Designed to Thrive
How many times have you picked up a cute little potted houseplant at the hardware or grocery store, only to have it die within weeks in your kitchen window? You gave it sunlight, watered it properly, and you even left the window cracked for fresh air—all to no avail. Simply put, some plants are naturally better suited to thrive in Hawai‘i’s unique weather patterns than others.
More than a thousand years ago, when intrepid adventuring Polynesians set sail to discover new territory in the Pacific or beyond, they packed their double-hulled voyaging canoes with a myriad of necessities to stay alive during their journey and establish new communities when they found land. In addition to tools and daily food rations, they stockpiled their craft with living plants, seeds, and cuttings that would one day become the food staples of a new colony and culture.
These plants are now known as canoe plants, most of which are extremely common throughout the Islands. Not only are they useful for food, but they possess a deep cultural connection to the ‘āina and the Hawaiian culture. Check out these five canoe plants that you can start in your kitchen window or plant in a container on the lānai.
Of all 24 canoe plants, kī (pronounced like “key”) is by far the most common. Better known as ti (pronounced like “tea”) today, you’ll see it on hikes, growing on the side of the road, and heavily used in landscaping. There are many varieties of kī showing color schemes that range from deep green to sherbert to blood red. Kī is sacred to the Hawai‘i god Lono and to Laka, the goddess of hula, and the leaves are worn or carried as protection and to bring in the “good.” For the kitchen window, you’ll simply need a small cutting from the stem and a bowl of water. Place the cutting in the bowl vertically and hearty white roots will emerge in a few days, followed by the leaves.
Kō (Sugar cane)
Early Hawaiians farmed nearly 40 varieties of sugar cane, a perennial clumping grass. They planted kō around their homes and along kalo lo‘i embankments. The cane juice was used to sweeten foods and the leaves were used for interior house thatching. Several varieties were also used as a medicine. You can find sugar cane at most plant nurseries and you can even start a new plant from the upper portions of the mature stalk. As a potted plant, kō makes a great windbreak for the lānai and doubles as a sweet treat. Find a garden variety with a thin rind and chew on the soft pulp.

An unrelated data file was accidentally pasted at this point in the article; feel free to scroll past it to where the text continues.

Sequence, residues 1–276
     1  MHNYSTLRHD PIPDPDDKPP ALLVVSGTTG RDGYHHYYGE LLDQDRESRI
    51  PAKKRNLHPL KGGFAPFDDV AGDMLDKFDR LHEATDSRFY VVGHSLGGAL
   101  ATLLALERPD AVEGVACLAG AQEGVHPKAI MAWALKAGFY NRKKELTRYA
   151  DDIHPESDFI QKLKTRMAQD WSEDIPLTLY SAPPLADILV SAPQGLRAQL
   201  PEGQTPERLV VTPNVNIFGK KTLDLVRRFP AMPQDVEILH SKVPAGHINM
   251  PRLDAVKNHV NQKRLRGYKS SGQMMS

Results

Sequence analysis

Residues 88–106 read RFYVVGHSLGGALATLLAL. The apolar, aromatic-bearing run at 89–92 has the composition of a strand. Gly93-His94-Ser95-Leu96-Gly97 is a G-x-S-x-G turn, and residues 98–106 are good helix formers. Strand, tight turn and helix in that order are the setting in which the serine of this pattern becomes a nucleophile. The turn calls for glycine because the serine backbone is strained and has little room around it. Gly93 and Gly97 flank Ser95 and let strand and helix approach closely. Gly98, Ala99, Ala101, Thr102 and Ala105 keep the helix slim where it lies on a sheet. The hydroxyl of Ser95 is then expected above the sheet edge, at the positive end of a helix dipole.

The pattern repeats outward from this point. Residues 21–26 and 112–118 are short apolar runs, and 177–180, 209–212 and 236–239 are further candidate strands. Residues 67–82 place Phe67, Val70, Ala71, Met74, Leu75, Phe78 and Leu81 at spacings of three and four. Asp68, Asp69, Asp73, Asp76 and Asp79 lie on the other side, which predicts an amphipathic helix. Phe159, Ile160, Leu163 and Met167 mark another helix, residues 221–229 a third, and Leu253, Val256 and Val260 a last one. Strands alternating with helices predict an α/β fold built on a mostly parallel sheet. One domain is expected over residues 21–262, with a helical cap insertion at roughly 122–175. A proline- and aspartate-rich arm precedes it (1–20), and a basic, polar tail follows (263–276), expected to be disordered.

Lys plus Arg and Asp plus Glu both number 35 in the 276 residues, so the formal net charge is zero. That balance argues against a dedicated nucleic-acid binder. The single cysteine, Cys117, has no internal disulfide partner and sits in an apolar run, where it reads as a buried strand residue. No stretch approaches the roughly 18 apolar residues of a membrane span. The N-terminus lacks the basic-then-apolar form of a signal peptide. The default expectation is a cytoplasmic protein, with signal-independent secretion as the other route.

‘Uala (Sweet Potato)
He ‘uala ka ‘ai ho‘ola koke I ka wi. The sweet potato is the food that ends famine quickly. ‘Uala has many uses and almost every part of the plant is useful. The sweet tuber is a carbohydrate. The leaves, an excellent source of Vitamin A and calcium can be boiled, steamed, or baked. And traditionally, some of the 200 varieties that Hawaiians farmed were used medicinally. While you may not be harvesting luscious tubers from your kitchen window, ‘uala is so easy to propagate and the vine grows quickly, creating a point of interest in a hanging basket on the lānai. Place cuttings from the stem in a glass of water and set in the kitchen window. Thin white roots will appear in days. Plant it outside or let it ride in the glass and cross your fingers for that beautiful light purple flower to emerge.
This humble, yet powerful little root, better known as a rhizome, is a member of the ginger family and was a prized possession of early Hawaiians. ‘Ōlena was used ceremonially and medicinally to treat earaches, bronchitis, asthma, a diuretic, and an anti-bacterial agent that can alleviate inflammation. Also an immune system booster, ‘ōlena is a great plant to cultivate in the garden. Plant a piece of the rhizome in soil and give it plenty of water and some shade. It takes about three to four months before the green leaves emerge, followed by flowers.
The lackadaisical swaying of palm fronds in a gentle trade wind breeze is the quintessential symbol of idyllic tropical bliss. What better way to bring the outdoors in than with a keiki coconut palm? Niu was extremely useful for early Hawaiians. Coconuts offered food and water, and other parts of the palm were used for thatching, mats, cordage, charcoal, fans, shampoo, and oil for fuel. Create a conversation piece by nestling a newly sprouted coconut, called a malo‘o, in a pot with soil. You don’t need to bury this seed, as all the nutrients the palm needs to grow is right inside this magnificent nut.